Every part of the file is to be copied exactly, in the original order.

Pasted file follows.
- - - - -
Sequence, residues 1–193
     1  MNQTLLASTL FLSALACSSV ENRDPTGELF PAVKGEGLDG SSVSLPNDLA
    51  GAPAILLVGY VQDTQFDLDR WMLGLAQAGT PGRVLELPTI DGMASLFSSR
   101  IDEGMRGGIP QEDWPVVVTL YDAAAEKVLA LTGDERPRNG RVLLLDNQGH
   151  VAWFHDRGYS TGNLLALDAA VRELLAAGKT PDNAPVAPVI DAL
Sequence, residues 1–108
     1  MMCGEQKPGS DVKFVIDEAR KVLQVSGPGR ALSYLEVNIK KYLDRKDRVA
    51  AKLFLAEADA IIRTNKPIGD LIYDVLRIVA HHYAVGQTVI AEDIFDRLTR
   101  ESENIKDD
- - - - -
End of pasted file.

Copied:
Sequence, residues 1–193
     1  MNQTLLASTL FLSALACSSV ENRDPTGELF PAVKGEGLDG SSVSLPNDLA
    51  GAPAILLVGY VQDTQFDLDR WMLGLAQAGT PGRVLELPTI DGMASLFSSR
   101  IDEGMRGGIP QEDWPVVVTL YDAAAEKVLA LTGDERPRNG RVLLLDNQGH
   151  VAWFHDRGYS TGNLLALDAA VRELLAAGKT PDNAPVAPVI DAL
Sequence, residues 1–108
     1  MMCGEQKPGS DVKFVIDEAR KVLQVSGPGR ALSYLEVNIK KYLDRKDRVA
    51  AKLFLAEADA IIRTNKPIGD LIYDVLRIVA HHYAVGQTVI AEDIFDRLTR
   101  ESENIKDD